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Climate, Resources, and Slavery in the Americas since 1400

Stanley Engerman is the John Munro Professor of Economics and Professor of History, University of Rochester. He is the co-author of Time on the Cross: The Economics of American Negro Slavery, and the co-editor of A Historical Guide to World Slavery, among other works in economic history and the history of slavery.
When Sep 19, 2003
from 3:00 PM to 4:00 PM
Where 102 Kern Building
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Stanley Engerman  Professor of Economics and Professor of History, University of Rochester

John Munro Professor of Economics and Professor of History, University of Rochester

Stanley Engerman is the John Munro Professor of Economics and Professor of History, University of Rochester. He is the co-author of Time on the Cross: The Economics of American Negro Slavery, and the co-editor of A Historical Guide to World Slavery, among other works in economic history and the history of slavery.

Climate, Resources, and Slavery in the Americas since 1400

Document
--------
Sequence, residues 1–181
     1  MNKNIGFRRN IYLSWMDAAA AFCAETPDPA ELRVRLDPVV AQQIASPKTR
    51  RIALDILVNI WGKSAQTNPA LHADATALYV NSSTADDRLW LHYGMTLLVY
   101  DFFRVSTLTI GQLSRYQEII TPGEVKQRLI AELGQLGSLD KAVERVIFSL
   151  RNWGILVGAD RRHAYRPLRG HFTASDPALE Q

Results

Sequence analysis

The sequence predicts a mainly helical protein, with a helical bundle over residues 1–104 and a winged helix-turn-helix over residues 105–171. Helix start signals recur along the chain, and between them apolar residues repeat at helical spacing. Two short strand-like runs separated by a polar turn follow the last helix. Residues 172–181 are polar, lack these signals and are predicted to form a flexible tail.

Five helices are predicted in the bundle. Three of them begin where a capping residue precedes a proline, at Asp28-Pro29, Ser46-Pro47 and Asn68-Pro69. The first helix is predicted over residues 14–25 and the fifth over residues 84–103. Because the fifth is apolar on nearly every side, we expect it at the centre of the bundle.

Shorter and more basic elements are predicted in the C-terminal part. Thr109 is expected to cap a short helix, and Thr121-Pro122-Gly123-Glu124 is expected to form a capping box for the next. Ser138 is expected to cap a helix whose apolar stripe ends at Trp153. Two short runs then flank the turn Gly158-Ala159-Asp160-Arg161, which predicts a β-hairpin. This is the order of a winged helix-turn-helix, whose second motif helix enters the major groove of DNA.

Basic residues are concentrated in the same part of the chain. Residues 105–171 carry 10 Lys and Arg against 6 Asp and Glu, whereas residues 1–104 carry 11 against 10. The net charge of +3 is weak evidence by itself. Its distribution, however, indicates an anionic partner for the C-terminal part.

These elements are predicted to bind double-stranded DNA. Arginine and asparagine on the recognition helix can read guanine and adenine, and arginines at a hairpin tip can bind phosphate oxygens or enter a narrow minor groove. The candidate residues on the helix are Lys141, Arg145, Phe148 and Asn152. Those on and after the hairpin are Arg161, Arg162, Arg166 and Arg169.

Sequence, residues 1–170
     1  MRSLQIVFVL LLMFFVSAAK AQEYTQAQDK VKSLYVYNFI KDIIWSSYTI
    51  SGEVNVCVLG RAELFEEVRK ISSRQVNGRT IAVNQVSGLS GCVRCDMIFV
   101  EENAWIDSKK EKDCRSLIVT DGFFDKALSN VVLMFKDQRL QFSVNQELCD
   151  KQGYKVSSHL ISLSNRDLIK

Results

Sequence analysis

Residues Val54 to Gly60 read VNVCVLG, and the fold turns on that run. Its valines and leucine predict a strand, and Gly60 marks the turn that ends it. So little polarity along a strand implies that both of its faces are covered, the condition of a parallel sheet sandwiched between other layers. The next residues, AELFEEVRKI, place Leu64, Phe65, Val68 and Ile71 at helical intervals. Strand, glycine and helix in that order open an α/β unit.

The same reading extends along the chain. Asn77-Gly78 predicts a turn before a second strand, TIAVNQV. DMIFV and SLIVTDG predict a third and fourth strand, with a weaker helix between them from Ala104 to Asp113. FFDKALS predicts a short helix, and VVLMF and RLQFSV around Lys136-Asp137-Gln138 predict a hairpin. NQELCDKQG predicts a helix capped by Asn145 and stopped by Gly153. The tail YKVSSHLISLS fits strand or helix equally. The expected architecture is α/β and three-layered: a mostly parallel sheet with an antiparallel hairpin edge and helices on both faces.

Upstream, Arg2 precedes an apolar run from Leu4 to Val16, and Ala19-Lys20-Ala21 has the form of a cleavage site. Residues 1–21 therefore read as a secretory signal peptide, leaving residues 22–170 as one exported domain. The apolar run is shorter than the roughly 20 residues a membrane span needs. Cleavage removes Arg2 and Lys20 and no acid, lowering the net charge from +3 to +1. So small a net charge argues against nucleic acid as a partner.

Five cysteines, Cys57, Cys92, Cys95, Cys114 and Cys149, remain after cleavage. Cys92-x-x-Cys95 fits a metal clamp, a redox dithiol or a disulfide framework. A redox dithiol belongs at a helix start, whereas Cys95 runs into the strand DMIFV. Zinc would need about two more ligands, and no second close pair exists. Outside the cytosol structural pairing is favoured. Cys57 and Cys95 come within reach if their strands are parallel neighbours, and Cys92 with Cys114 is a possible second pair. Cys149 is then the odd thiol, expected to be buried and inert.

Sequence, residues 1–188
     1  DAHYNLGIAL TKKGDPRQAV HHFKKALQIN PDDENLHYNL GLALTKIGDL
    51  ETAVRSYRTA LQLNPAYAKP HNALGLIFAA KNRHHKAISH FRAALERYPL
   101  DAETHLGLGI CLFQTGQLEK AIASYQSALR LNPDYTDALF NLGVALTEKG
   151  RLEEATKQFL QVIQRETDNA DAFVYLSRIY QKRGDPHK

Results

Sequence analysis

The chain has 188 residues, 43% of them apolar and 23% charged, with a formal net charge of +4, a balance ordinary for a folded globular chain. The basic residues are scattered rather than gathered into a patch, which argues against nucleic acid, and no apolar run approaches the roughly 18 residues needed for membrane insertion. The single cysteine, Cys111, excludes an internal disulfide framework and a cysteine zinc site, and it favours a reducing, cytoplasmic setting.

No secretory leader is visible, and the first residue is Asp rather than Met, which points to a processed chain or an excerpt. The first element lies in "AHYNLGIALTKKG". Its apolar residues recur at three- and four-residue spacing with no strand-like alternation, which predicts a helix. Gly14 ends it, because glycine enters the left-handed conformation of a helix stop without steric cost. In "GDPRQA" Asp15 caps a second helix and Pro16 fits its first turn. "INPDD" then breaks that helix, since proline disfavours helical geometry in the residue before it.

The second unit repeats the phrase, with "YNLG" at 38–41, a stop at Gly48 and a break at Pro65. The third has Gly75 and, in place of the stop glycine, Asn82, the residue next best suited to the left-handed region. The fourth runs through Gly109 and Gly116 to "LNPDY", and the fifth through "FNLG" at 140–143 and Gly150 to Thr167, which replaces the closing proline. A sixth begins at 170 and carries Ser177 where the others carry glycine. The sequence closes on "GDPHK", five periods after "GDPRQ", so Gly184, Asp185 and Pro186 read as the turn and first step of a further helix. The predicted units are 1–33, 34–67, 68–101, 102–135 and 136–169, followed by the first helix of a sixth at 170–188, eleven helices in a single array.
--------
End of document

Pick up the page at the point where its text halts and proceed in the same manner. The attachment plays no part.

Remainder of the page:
One of the puzzles of the history of the Americas has been that prior to the start of the eighteenth century the richest parts of the Americas had been in South and Central America, the Caribbean, and Mexico, areas which had been the wealthiest and most populated prior to the arrival of Columbus. After the start of the eighteenth century economic power shifted northward in the Americas (as well as in Europe). The rapidly expanding areas of mainland North America differed in many ways from the relatively declining areas to the south, with important differences in crops grown, scale of production, extent of inequality, suffrage requirements, and levels of education attained. These different growth paths appear to be related to differences in climate and natural resources, which influenced social structure and methods of production. Slavery was legal in all areas through most of this period-the years of emancipation started in 1777 and ended in 1888-but its importance was influenced by climate and resources, and its ending was due more to political and social factors than to an economic decline.